A love letter to London 2012
Every piece of identity design to gain significant exposure leads to a familiar pattern of behaviour; some likes, some dislikes, some designers pointing out aesthetic flaws or where the project went wrong, a few (usually awful) attempts at alternatives.
This eruption is all usually spewed forth without the context of the original brief, the client’s input, what the goal was or any other of the countless factors that influence the outcome of a design.
One of the most extreme examples of this was the reaction to the London 2012 Olympic Games identity. It generated a reaction so strong it became a heated discussion far outside of the design industry. People felt so violently opposed to it that a petition to redesign it was quickly set up and gathered tens of thousands of signatures (this was before petitioning everything became a default reaction).
A raft of proposed alternatives surfaced, all pretty appalling, but most importantly, they almost all missed a key objective; create an identity that could be owned by the nation, not just London.
Every depiction of the London Eye, Houses of Parliament or Thames woven into the Olympic Rings missed the point — Britain is tiny, it needed everyone to support the Olympics; not just the capital.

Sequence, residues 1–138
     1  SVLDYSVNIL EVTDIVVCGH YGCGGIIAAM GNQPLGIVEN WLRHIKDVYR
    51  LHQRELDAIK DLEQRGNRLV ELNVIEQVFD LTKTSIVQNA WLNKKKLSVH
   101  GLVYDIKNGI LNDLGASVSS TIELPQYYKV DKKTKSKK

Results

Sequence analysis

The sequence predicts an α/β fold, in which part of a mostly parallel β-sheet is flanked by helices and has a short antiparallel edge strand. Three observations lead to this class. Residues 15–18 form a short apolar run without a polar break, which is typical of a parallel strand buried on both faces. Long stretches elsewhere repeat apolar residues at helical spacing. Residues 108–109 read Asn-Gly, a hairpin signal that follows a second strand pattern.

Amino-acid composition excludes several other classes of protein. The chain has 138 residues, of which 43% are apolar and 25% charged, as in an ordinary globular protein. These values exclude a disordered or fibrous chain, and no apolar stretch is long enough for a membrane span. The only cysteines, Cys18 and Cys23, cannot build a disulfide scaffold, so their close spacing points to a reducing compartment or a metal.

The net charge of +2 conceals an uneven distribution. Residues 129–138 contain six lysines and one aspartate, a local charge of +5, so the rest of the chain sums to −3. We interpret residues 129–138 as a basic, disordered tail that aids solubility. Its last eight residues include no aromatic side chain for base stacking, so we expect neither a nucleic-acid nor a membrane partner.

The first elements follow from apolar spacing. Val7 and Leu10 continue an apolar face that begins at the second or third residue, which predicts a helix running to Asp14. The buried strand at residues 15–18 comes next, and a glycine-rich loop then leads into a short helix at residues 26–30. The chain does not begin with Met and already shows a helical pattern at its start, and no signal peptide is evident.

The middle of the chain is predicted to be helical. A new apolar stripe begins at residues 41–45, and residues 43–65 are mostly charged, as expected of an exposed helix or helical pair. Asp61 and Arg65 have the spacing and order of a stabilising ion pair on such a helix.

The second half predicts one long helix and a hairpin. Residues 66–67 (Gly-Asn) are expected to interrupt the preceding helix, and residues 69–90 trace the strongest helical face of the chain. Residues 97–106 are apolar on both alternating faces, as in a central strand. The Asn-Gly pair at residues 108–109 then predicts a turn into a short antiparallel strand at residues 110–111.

The logo’s form was so wildly unconventional and dynamic that it could be filled with images, patterns and colours in almost any combination and remain just as recognisable.
The shape assisted widespread ownership by sponsors and suppliers up and down the country; they could create their own unique version of it — despite possibly disliking it, they still wanted the prestige of being a supplier or partner to the Olympics.
It was edgy, unexpected and risky — it could appeal to a young audience which was critical
Instead of the usual soft shapes and pleasant but forgettable colours, the identity was all diagonal lines, sharp corners and an eye-popping palette. It was edgy, unexpected and risky — it could appeal to a young audience which was critical as increasing youth participation in sport was a huge part of the intended legacy of the games and its infrastructure.
Overall the approach taken to create the identity and the final result was something befitting of a nation responsible for producing some of the world’s greatest creative and maverick minds.
The London 2012 logo is also likely to be the only Olympic logo you can recall without seeing it, which is an incredibly hard thing to achieve.
If more design work is approached in this way and more risks are taken, perhaps more brands would avoid one of the worst but most common of all design outcomes — nice, but forgettable.
Photo by Simon Connellan on Unsplash